British apples could die out with climate change


Experts warn that a breakdown in the climate could cause British apples to disappear.

As domestic species are threatened by rising temperatures, Japan’s Fuji and New Zealand’s gala may take their place.

Because of the breakdown of the climate, traditional fruits are no longer viable. As a result, varieties from New Zealand and Japan may replace traditional British apples.

Apples like Pippin and the ancient nonpareil, which have been grown in Britain since the 1500s, are struggling in the new climate because the trees don’t get enough “chilling hours” to go into winter dormancy and save energy for fruit production.

A third of the 40 apple trees being planted by scientists at Kew’s Royal Botanic Gardens are heritage varieties that were once found in the garden’s Georgian kitchens. The final third comes from warmer countries like South Africa and is made up of new varieties that have been bred to require less cold during the winter. In light of the warm temperatures in London, the varieties will be compared to see which produces the best crops.

The Met Office announced in January that 2022 had been the sixth warmest year on record, and it appears that 2023 will also break records. However, apple trees are struggling because they require a period of cold during the winter, despite the fact that many crops are affected by the summer’s intense heat and drought.

They store enough energy in the fall to get them through the winter dormancy and then start working again in the spring. The ideal chilling hours for apples are those that are below 6 degrees Celsius but above freezing. The majority of traditional apple trees require approximately 1,000 chilling hours. They must breathe if temperatures exceed 6 degrees Celsius, draining their energy reserves for the winter. This reduces the amount of energy available in the spring, resulting in fewer apples growing.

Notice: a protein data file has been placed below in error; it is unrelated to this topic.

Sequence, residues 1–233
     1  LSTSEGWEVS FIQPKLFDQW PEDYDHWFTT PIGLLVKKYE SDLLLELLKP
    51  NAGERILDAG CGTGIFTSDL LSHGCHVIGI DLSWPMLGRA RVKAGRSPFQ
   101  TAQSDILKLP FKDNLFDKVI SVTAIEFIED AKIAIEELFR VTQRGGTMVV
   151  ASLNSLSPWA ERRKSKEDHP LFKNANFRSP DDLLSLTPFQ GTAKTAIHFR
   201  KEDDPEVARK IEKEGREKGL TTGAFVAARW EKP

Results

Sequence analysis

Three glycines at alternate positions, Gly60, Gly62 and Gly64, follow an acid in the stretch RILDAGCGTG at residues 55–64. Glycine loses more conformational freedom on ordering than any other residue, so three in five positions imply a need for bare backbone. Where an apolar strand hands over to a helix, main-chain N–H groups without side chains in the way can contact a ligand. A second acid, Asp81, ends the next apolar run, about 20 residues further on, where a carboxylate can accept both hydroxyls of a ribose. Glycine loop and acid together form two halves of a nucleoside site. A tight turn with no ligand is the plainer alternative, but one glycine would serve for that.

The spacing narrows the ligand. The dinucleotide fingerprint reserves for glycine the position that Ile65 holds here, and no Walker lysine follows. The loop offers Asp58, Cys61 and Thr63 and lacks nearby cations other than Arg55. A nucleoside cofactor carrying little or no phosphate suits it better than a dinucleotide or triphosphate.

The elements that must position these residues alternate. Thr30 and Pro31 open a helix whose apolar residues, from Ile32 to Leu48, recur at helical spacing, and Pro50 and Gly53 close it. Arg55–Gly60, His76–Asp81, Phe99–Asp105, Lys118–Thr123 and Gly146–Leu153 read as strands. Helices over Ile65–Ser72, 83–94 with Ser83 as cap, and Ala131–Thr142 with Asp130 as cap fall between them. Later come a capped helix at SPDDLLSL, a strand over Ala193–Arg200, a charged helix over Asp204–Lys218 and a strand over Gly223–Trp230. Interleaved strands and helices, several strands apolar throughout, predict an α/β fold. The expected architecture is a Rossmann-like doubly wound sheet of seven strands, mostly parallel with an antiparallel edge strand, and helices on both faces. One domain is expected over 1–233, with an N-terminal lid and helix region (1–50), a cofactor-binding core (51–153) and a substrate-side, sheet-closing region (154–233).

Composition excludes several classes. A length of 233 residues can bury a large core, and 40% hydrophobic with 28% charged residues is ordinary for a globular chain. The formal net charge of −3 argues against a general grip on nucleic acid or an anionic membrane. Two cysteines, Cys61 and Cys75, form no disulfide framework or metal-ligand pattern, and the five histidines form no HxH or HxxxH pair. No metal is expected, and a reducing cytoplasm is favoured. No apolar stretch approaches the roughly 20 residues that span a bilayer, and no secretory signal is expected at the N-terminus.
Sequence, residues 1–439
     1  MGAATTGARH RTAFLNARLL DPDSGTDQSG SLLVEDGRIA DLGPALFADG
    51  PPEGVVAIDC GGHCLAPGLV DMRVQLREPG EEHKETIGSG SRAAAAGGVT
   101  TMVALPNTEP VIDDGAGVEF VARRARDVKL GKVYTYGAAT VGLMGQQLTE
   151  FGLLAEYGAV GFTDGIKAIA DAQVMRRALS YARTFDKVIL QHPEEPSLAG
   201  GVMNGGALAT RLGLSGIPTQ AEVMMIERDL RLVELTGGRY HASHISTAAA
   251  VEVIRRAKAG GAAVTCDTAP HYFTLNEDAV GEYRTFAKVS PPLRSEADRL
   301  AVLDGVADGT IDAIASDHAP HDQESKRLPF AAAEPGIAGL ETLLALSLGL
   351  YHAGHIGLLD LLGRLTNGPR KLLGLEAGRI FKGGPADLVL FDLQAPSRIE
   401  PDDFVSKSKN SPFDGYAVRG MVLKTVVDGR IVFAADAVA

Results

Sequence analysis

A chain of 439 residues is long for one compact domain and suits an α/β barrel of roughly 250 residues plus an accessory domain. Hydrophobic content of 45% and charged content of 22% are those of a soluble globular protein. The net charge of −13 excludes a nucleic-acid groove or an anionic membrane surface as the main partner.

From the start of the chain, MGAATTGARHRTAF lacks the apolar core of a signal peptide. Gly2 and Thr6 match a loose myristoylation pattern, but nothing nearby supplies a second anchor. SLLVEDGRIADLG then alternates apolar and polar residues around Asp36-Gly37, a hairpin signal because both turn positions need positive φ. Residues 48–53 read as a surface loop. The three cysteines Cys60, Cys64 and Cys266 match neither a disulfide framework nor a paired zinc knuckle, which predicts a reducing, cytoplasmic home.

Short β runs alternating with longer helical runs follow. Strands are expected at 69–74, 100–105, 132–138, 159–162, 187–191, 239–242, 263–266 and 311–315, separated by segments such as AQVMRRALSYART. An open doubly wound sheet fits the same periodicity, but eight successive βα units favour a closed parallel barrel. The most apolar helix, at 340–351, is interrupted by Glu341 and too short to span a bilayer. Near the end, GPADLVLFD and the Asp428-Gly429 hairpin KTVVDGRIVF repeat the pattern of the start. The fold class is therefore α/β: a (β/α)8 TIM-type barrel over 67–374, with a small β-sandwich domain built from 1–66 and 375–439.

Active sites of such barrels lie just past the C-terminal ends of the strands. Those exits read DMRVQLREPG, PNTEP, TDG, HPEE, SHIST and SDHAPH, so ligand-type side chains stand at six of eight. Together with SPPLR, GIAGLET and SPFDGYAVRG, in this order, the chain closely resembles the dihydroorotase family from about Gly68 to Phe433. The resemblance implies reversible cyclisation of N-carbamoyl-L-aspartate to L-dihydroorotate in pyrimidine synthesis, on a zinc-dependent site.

New Zealand grows a lot of Gala apples, but Kew’s kitchen garden manager Helena Dove thinks the breed may take over traditional varieties in Britain.

“The Gala was bred in New Zealand, which means it only needs about 600 chilling hours, which is more like what we’re getting at the minute in the UK,” she explained.

“We will see if gala has a better crop than nonpareil, which was bred in 1696. We are also trying the Fuji apple, which originated in Japan and only needs 400 chill hours, which might do better in these milder winters.”

When some of the most beloved heritage varieties of British apple were bred, she said: “We had these lovely cold winters, which we aren’t getting any more.”

Dove hopes to produce a crop in three years and present the industry with some preliminary findings then. She hopes that this research will help the industry because farmers are cutting down orchards due to a lack of workers and a breakdown in the climate.

“This chilling hours conversation is happening,” she said, “because it’s not just apples, pears and blackcurrants that have this feature where they need to stay dormant.”

However, it is not certain that these new varieties will be the solution: “We could find out that we don’t get a dry enough winter for these varieties. So this is why it’s an experiment, because South Africa doesn’t have the wet weather that we have. So it’s going to be whether they’ve got low chill hours and can cope with the amount of rain.”



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